A recent article in Psychological Science in the Public Interest by Pashler et al. concluded, rather boldly, that compelling empirical evidence for the use of learning styles in education simply does not exist. Despite a quite large literature on the topic, few studies utilized a true experimental design, and of those that did, most contradicted the hypothesis that there was any benefit to customizing educational curricula to individual learning styles. Only two studies were even identified that provided empirical support for the use of learning styles, and at least one of these still utilized a flawed design.
It is quite well documented that learning styles exist. In other words, different people prefer to learn in different ways. Some prefer to learn visually, some aurally, and so on. This empirical literature is quite solid, because it is relatively simple: provide a questionnaire to learners, and you will find that they report different preferences in regards to learning modality. But that, by itself, is not very interesting – instead, the question, as Pashler et al. put it, is one of “style-by-treatment interactions,” which is itself an evolution of Cronbach’s classic “aptitude-by-treatment interaction.” Each of these theories posits that individuals vary (in either aptitude or learning style), and educational or training treatments customized to those aptitudes/styles will produce better results for each individual than if a single intervention had been used.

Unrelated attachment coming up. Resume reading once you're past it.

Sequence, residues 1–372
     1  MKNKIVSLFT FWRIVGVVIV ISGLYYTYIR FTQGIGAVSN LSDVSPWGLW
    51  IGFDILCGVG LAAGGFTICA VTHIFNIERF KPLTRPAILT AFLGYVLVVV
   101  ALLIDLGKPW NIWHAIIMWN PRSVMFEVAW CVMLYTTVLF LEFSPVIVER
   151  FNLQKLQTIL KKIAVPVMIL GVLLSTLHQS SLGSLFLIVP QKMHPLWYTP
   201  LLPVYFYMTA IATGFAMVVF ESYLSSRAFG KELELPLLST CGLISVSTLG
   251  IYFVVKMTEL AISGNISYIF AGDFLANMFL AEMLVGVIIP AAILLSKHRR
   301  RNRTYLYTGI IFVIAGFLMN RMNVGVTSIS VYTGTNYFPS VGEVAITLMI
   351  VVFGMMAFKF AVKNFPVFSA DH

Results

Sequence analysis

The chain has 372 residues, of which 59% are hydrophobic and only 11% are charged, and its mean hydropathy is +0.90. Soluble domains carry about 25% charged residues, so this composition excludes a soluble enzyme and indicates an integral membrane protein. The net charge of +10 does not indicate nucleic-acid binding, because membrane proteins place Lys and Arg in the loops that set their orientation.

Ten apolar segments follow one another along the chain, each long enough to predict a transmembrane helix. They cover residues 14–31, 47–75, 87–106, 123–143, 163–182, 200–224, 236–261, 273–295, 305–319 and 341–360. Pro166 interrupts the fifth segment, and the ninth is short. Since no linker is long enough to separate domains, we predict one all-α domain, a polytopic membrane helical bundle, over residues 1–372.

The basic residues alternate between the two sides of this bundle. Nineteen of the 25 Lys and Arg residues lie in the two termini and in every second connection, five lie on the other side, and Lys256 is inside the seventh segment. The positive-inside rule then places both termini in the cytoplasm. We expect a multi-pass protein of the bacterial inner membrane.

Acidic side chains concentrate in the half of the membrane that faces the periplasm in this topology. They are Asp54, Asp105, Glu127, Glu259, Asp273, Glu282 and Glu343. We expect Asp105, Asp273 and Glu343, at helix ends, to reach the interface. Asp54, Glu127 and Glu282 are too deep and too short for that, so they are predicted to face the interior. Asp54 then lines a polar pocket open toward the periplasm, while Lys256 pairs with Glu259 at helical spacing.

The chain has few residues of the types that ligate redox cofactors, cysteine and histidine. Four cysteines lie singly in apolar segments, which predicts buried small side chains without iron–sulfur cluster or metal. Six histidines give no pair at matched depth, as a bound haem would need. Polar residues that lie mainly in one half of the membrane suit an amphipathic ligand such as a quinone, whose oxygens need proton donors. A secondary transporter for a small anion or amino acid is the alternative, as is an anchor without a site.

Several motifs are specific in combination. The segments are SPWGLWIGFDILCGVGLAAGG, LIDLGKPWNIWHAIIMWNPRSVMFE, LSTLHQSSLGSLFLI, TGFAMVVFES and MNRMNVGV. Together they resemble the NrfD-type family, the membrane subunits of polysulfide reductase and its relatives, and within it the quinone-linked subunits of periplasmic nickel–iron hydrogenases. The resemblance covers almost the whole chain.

To further illustrate, consider my oversimplified attempt at an example on the right. In this graph, training performance or learning appears on the vertical axis, learning style appears on the horizontal axis, and treatment appears as different lines. Visual learners will learn more with a visual treatment (e.g. video of lecture) while aural learners will learn more with an aural treatment (e.g. podcast of lecture). This is incredibly intuitively appealing. Pashler et al. suggest that its appeal is driven by the same mechanism that drives the success of the Myers-Briggs personality test, despite a lack of solid empirical evidence – that there is some basic human satisfaction at placing people into categories. They also suggest that general concern from parents that educators treat their children as individuals might be a contributing factor.
But regardless of the intuitive appeal, the evidence simply isn’t there. Cronbach never really found broad support for the idea of aptitude-treatment interactions, so much so that many psychologists consider the continued hunt for them to be a fool’s errand. The same may be true of style-treatment interactions – despite thousands of people talking about learning styles, there is simply insufficient scientific backing to those claims.
Pashler et al. helpfully provide several guidelines for the sorts of studies that are needed to really address this question: carefully controlled true experiments with identical outcome measures for all students. All we need now is for educational and training scientists to actually conduct the research!Footnotes:
- Pashler, H., McDaniel, M., Rohrer, D., & Bjork, R. (2009). Learning Styles: Concepts and Evidence Psychological Science in the Public Interest, 9 (3), 105-119 DOI: 10.1111/j.1539-6053.2009.01038.x [↩]
- Cronbach, L. (1957). The two disciplines of scientific psychology. American Psychologist, 12, 671-684. [↩]